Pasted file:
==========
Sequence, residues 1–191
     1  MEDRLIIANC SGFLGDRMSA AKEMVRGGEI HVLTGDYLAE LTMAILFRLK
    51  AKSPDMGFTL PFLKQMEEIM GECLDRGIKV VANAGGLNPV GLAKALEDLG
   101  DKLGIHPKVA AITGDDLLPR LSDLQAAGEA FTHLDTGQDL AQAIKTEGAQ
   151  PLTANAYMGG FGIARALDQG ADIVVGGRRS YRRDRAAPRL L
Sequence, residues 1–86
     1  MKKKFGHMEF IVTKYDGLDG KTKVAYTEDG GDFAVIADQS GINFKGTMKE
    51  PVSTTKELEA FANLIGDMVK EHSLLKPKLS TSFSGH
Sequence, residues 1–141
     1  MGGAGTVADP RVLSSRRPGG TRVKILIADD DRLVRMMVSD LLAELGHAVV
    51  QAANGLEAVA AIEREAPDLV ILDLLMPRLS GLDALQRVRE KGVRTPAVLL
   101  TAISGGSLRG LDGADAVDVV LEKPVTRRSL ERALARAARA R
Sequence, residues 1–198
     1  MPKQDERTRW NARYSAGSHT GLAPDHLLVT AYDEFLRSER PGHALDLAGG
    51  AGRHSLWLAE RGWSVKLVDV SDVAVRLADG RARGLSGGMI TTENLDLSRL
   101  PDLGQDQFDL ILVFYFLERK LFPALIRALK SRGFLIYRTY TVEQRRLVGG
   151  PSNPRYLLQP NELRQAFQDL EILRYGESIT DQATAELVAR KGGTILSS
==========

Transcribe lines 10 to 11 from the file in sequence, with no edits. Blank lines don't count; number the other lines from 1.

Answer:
     1  MGGAGTVADP RVLSSRRPGG TRVKILIADD DRLVRMMVSD LLAELGHAVV
    51  QAANGLEAVA AIEREAPDLV ILDLLMPRLS GLDALQRVRE KGVRTPAVLL